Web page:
Photo: Tom Roseveare

Gyukotsu Ramen Matador

Beef bone ramen in north Tokyo

Photo: Tom Roseveare
Tom Roseveare   - 2分鐘閱讀時間

Over in north Tokyo, Matador (牛骨らぁ麺マタドール) serves up delectable bowls of beef bone ramen.

Matador oozes style from the moment you step inside. Just seven chrome-backed seats alongside a matte black counter flank a tiny kitchen with owner Iwadate-san's staff working their magic in full view of curious onlookers in quiet anticipation. As they ply their artisanal trade in near silence, soft jazz music plays in the background creating a refined ambience and feeling of exclusivity in the air.

As ramen goes, 'exclusivity' is definitely on the menu at Matador, who pride themselves on their beef bone ramen – something of a rarity in the ramen world when done this well. With a beef broth and roast beef topping, expect a unique experience when ordering the Zeitaku Yakigyu Ramen (¥1,050).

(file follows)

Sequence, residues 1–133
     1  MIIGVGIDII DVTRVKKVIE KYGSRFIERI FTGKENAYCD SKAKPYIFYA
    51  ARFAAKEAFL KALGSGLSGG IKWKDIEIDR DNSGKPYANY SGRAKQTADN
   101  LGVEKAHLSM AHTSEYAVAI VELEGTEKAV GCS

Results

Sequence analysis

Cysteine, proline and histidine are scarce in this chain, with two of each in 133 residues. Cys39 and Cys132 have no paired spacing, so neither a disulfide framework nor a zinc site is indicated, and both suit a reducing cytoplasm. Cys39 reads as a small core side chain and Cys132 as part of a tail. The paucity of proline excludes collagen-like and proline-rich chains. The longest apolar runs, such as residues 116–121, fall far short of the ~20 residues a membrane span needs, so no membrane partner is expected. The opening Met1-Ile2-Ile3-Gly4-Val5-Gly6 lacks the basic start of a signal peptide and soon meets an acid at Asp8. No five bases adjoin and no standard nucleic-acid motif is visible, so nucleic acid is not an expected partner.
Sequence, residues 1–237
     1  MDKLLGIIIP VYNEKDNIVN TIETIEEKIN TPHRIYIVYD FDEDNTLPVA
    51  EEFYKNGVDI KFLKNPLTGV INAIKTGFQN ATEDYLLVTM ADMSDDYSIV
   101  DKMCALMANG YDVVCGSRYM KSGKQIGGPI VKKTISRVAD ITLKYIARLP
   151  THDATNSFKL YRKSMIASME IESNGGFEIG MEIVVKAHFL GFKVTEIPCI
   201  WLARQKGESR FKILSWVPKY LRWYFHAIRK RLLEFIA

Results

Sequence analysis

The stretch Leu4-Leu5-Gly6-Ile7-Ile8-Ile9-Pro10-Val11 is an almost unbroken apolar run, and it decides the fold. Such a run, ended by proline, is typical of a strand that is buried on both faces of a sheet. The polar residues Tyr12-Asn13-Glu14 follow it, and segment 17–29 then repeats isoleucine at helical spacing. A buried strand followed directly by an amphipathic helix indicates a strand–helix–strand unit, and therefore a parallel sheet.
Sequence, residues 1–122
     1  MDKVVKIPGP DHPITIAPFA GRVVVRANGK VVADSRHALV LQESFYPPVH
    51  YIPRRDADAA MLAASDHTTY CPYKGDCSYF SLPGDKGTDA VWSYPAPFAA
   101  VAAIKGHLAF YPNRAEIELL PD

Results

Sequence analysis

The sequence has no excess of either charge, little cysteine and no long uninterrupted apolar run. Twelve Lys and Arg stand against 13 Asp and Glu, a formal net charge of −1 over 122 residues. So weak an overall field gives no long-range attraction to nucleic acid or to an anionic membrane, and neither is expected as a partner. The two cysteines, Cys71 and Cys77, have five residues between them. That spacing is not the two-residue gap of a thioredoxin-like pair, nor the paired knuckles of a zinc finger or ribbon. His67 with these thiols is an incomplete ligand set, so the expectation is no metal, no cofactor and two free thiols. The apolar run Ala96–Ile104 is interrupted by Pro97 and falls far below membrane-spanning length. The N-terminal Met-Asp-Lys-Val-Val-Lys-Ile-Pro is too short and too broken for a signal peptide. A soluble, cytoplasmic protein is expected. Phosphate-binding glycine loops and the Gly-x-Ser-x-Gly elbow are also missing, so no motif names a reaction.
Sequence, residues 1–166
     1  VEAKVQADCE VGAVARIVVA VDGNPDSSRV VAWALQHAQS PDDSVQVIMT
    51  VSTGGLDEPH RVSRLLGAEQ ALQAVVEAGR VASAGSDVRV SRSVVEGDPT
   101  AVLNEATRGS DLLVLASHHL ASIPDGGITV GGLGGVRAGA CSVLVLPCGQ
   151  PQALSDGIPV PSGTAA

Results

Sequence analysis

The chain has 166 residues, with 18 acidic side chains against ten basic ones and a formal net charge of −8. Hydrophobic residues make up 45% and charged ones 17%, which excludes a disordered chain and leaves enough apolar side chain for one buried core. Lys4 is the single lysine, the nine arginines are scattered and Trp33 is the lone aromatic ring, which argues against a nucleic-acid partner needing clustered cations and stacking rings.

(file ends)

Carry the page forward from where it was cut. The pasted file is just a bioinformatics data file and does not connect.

Think a rich shoyu soup, combining flavours of beef bones and tendons—as well as numerous herbs, seafood and spices (over 30 ingredients apparently)— which is slightly creamy yet sweet. It holds the whole grain noodles really well, cradling bountiful toppings including aged shredded beef, green onion, menma and an ajitama egg – delightfully hidden beneath 2 giant slices of roast beef.

But it doesn't stop there – peruse the menu to find many more varieties including several shoyu and shio (salt), as well as their famed tsukemen dishes – all popular dishes with the locals.

Matador is a favourite among Japanese – since opening in July 2011, they quickly took top prize in Tokyo Ramen of the Year's originality category (an industry annual publication) alongside runners-up for shoyu newcomers and tsukemen. This explains the occasional queue which sometimes forms, despite the relatively (for Tokyo) remote location. They have partner shops nearby too – one specialising in miso ramen and the other in soupless maze-soba.

Getting there

Kita-senju is not a well-traveled area for most tourists, but is well-connected for commuters, providing access to the rest of Tokyo, Chiba and Ibaraki by JR, Tokyo Metro and Tsukuba Express lines. Exit 1 on the Chiyoda Line is closest, from where it's a short walk. Closed Mondays.

Tom Roseveare

Tom Roseveare @tom.roseveare

Creative Director at Japan Travel, based in Tokyo. Feel free to reach out about living, working or travelling in Japan – just book a time.